The permitting provided by the method of FIG. 3, provides for segregation of multiple users of the visualization system. By uniquely associating each user with a particular point in the configuration hierarchy, only those views intended to be seen by the user are made available. The network hierarchy above the permitted view is collapsed, so that the user is unaware of the structure of the rest of the network. Thus, for the example of the userA being permitted to view traffic for server farm 144, the userA would be able to see only the portion of the graph below 144 and connected thereto.
In many network administration situations, permissions based upon the hierarchy of the network views is sufficient to meet the needs of network administrators. However, once further experience is gained with administering the network permissions linked directly to views defined in the configuration files may prove too inflexible for certain situations.
Referring to FIG. 4 there is illustrated in a flow chart a method of permitting access to views of network data in accordance with a second embodiment of the present invention. The method of FIG. 4 begins with selecting a set of views for a user as represented by a block 190. A group view is formed from the set as represented by a process block 192 and the group view is associated with the user as represented by a process block 194. If other users are to be permitted access as queried by decision block 196, the method returns to step 190.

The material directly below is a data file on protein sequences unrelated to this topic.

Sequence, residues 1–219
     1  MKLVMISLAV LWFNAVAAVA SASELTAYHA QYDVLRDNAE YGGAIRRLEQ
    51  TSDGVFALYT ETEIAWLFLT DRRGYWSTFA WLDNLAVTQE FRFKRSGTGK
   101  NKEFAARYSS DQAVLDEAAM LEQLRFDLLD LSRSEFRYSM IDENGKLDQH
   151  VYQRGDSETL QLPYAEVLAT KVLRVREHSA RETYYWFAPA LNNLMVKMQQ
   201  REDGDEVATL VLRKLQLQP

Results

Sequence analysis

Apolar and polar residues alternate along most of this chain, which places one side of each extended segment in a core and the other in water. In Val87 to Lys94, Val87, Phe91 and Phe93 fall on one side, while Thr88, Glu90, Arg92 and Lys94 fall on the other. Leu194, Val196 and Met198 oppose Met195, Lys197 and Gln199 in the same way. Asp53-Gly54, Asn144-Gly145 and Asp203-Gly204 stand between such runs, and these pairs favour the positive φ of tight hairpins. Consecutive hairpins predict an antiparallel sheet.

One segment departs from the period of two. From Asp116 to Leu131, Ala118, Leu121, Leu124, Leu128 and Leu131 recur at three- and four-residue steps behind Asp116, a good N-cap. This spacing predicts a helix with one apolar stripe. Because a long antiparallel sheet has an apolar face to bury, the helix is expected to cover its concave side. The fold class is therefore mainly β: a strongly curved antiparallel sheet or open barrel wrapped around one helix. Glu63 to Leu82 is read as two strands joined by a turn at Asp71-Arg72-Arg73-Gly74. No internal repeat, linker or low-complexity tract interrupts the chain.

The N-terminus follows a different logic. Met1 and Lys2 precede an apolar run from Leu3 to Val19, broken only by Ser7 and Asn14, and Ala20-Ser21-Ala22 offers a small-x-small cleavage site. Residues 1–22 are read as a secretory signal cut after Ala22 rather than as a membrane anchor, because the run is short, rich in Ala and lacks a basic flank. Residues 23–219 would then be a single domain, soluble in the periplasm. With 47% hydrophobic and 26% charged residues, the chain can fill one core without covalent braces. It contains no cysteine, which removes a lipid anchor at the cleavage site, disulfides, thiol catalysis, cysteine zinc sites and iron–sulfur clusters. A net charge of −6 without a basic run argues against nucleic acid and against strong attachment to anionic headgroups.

The method of FIG. 4 allows a network administrator not only to delegate views to subordinates, but also to customize the views permitted to each user. For example, if userA were permitted to view the server farm traffic 144, but also needed to monitor how the traffic for the managerial staff in general compared to that of the server farm, a group view could be formed that included the server farm traffic 144 and the management traffic 166.
Referring to FIG. 5, there is illustrated in a flow chart a method of selecting a view by the user of the group view of FIG. 4. A user opens a group view as represented by a block 200. A user selects a desired view to display as represented by a process block 202. If the display is as desired as determined by a decision block 204, the method ends, otherwise the user makes further adjustments at process block 202.